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Do you believe that animal protein is toxic?
We were reading a post in the community, I forget about what exactly, but it linked to a video of T Colin Campbell, of China Study fame. If you don't know who he is, his basic thesis is that animal protein (not necessarily just fat) is highly toxic and correlated to all the bad stuff that afflicts us.
As a meat eater, I am totally open to these ideas, and have so many questions. One I have is- if lots of greens are so good for you, does this offset the toxicity of animal protein?
Please don't start an ideological fight, but I am really interested in this whole idea. The video got me thinking so thanks for posting it.
Sun. Dec 21, 1:20pm
I've wondered about that too. But I'm pretty sure that if you're eating meat from animals that have been warehoused, shot up with hormones and antibiotics, and generally raised in a way totally contrary to their natural existence -- then yes, the meat will be toxic because it's been made that way by the growers.
What I'd really like to know is if meat from free range animals who are treated humanely and allowed to eat their natural foods (such as cows and grass) is toxic to the human body. Until I know for sure, I've limited my consumption of meat to an occasional accent or condiment status. Not ready to give it up completely yet...
Sunday, December 21, 2008, 3:00 PM
What does "toxic" mean in this context? Plants are CHOCK FULL of toxins, most of which are evolved to prevent or discourage insects and mammals from eating the plants. Digitalis, strychnine, cyanide, and all kinds of alkaloids come from plants. Some of these we generally manage to avoid eating, some of them we cook out of food, some of them (like caffeine) we enjoy, and some have no noticeable effect on people but aren't good for other mammals.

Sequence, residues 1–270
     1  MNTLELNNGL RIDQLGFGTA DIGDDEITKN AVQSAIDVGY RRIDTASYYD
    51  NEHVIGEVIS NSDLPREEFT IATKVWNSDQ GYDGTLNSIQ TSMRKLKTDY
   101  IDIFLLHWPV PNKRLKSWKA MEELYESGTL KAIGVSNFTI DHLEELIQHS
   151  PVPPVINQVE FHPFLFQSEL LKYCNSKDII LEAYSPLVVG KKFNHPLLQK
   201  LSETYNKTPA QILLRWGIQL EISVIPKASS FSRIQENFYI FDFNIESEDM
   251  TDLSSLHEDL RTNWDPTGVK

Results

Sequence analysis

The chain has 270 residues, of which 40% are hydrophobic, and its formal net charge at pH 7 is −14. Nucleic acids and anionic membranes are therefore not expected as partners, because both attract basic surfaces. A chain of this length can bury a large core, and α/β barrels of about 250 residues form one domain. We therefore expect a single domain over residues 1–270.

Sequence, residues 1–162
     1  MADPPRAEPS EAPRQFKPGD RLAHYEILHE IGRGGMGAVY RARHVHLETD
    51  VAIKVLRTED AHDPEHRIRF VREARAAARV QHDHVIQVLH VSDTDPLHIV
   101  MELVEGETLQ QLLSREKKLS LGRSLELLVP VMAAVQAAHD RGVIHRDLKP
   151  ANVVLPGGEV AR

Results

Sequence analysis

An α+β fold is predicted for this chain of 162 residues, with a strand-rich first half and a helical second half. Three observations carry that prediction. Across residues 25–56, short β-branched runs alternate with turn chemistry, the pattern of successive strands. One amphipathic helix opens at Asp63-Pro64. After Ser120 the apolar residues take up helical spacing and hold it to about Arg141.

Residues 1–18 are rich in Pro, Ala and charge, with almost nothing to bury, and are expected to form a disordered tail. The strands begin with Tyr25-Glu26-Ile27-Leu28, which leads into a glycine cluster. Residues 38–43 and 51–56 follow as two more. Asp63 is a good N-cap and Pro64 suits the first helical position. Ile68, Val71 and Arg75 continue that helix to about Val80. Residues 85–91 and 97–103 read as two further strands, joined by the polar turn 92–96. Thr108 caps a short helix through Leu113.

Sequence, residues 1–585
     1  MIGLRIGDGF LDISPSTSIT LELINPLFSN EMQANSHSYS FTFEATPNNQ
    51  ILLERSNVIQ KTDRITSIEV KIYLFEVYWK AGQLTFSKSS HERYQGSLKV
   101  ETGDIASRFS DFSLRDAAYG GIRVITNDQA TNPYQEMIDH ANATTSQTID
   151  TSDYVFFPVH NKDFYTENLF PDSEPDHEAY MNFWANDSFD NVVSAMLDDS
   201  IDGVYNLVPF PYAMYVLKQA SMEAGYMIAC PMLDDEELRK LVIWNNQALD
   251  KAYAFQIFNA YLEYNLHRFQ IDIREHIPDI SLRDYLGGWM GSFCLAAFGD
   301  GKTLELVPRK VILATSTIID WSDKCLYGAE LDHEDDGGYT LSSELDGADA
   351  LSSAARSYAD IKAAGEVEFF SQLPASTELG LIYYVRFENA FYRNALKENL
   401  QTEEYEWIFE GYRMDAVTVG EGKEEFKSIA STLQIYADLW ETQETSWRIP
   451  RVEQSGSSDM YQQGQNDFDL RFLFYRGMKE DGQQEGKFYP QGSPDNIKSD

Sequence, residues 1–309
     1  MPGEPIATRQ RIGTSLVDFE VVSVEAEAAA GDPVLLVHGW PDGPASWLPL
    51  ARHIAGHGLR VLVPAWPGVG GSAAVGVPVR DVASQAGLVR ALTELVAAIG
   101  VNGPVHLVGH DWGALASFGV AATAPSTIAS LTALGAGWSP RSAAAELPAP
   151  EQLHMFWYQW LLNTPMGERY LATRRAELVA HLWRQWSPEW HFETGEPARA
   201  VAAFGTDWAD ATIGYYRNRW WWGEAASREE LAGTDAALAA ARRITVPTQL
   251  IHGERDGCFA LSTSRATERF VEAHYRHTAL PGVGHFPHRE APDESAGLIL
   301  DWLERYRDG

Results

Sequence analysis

Almost anything we put in our bodies, whether of pure composition or not, food or drug has "side effects." You can take aspirin (or willow salic) for a headache, but it will also thin your blood. Or you can take ibuprofen, and it will also irritate your stomach. Or acetominophen, which is bad for your liver. While one can look at these options and choose to let the headache go away on its own, one cannot choose to not eat. Are the toxins in meat worse than the toxins in plants?
I do agree with the 3:00 poster that the scientifically helpful comparison to make is between organically grown vegetables and free-range, organic animal meat, milk, and eggs. All kinds of extra substances find their way into our diets otherwise.
But I also see (as a biologist) that human beings are, in their anatomy, omnivores. We have the teeth of an omnivore. We have the gut of an ominivore. This is really not argued among most serious scientists. We evolved able to eat -- and probably needing to eat, seasonally -- both animals and plants.
You ask in the blog, Jackie, why the Chinese are able to eat more calories. My first guess is that the average Chinese gets a lot more exercise than the average American. Not every Chinese household has a car, whereas I was reading recently that there is more than one car per driver in the US. But I assume this was controlled for, since it's so obvious.
The second thing that strikes me about this question is the "are able." This is a weightloss site and I know that we tend to focus on eating as much as possible while staying thin. But that is NOT an advantage!! Until very recently, all of human history was shaped and punctuated by starvation. Look away from North America and Europe, and there are still people starving all over the world. There were famines just this year due to rice shortages. The people who survive a famine are those who can maintain their weight on FEWER calories. Thus, the meat-eater is strongly ADVANTAGED.
Monday, December 22, 2008, 7:51 AM
I have a very hard time believing that animal protein is toxic to humans. Evolutionarily speaking we are omnivores and like PP said, no one in science can really arugue that.
But also like PP, I agree that modern farming and ranching has changed how we eat meat. We eat a lot more than we are evolved to handle, and we are exposed to a lot more toxins and chemicals from those animals than if we were still hunting them in the wild.
I stive to only eat meat that has been hunted in the wild and avoid meat from the grocer or at a restaurant. I don't follow this rule 100%, but I do try.
Monday, December 22, 2008, 10:44 AM
Agreed. The way our meat is handled makes it toxic, and unhealthy to our immune systems that are already bombarded by toxins in the air we breathe, the water we drink, the jet fuel and plastic byproducts we all carry in our blood, and the chemicals on our plants. Doing everything you can to strengthen your immune system while living in this environment is so important - we evolved on a diet of antioxidants, and that's why I eat mostly plants and eat very little animal protein, usually wild game my SO has hunted and NEVER milk where everything bad seems to be concentrated.
Monday, December 22, 2008, 2:12 PM